Re: Adding installed packages to menu
On Mon, 2 Mar 2009, Daniel Burrows wrote:
On Tue, Mar 03, 2009 at 01:15:52AM +0900, Bret Busby <email@example.com> was heard to say:
But the issue with that, is that, if the package maintainer made a
deliberate determination to not have the package management
automatically add the package to the menu, why then would the Ubuntu
package management have automatically added the package to the menu
The *Debian* package maintainer apparently chose not to add the
package to the menu. The *Ubuntu* maintainer may have chosen
otherwise. BTW, it would be easier to discuss this if we knew which
package you were talking about (since there's apparently a particular
one). e.g., then someone could tell you exactly why it's not ending
up in the menu.
Sorry for the omissions.
The package is flightgear, the Flight Gear Flight simulator.
The Ubuntu version is 1.0.0-3ubuntu1, and the package maintainer is
listed (from Synaptic) as Ubuntu MOTU Developers. The version of Ubuntu
is 8.10 (which is apparently not quite a "stable" version).
The Debian 4.0 version is 0.9.10-2, and the package maintainer is listed
as Ove Kaaven (again, from Synaptic).
It hadn't occurred to me, that a package would have different package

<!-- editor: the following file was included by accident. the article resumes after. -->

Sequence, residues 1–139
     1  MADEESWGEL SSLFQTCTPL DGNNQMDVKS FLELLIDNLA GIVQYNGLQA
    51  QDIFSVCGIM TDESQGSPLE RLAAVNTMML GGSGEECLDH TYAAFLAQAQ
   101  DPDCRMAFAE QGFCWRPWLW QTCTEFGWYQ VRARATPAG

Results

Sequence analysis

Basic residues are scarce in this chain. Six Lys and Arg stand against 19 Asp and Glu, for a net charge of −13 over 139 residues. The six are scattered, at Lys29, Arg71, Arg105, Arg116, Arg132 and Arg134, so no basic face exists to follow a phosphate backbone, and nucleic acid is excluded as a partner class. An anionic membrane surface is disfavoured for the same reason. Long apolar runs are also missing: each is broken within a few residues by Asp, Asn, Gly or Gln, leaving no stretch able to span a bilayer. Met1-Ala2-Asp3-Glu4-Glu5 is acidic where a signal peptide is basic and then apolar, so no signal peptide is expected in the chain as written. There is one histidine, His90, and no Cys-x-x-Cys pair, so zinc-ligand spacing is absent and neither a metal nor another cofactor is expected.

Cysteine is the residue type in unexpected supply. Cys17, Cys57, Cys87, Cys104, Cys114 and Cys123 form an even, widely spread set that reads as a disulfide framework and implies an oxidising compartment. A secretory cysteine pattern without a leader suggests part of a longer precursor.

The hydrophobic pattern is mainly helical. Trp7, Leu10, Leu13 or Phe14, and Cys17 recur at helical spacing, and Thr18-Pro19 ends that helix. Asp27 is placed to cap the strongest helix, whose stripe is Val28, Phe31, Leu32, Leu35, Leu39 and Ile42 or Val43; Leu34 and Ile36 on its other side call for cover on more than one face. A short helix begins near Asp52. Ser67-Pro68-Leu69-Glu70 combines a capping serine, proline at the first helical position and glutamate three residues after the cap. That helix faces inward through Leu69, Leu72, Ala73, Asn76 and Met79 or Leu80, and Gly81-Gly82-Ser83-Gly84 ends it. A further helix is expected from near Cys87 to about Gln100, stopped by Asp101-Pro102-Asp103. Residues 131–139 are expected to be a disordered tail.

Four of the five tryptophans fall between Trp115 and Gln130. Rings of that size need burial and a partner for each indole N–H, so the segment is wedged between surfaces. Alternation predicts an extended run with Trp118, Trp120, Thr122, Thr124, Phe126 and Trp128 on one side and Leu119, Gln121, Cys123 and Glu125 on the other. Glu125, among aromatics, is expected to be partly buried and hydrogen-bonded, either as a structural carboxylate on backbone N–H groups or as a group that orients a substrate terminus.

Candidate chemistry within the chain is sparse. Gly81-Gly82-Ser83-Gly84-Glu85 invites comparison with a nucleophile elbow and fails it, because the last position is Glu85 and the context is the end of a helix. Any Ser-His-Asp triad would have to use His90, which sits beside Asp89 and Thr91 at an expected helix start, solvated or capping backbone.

maintainers, for different distributions of Linux.
I had understood (apparently, an erroneous assumption), that each
package would have its maintainer(s) or developers, and that they would
simply compile the package to fit different distributions (to create a
.deb packahge, or a .rpm package, etc).
Also, I had (apparently, completely wrongly) understood that, when
installing a package with Synaptic, it was the role of Synaptic, as the
package manager, to ensure that the package was added to the relevant
menu, in the Applications menu hierarchy.
I apologise for my lack ofknowledge in all of this.
"So once you do know what the question actually is,
you'll know what the answer means."
- Deep Thought,
Chapter 28 of Book 1 of
"The Hitchhiker's Guide to the Galaxy:
A Trilogy In Four Parts",
written by Douglas Adams,
published by Pan Books, 1992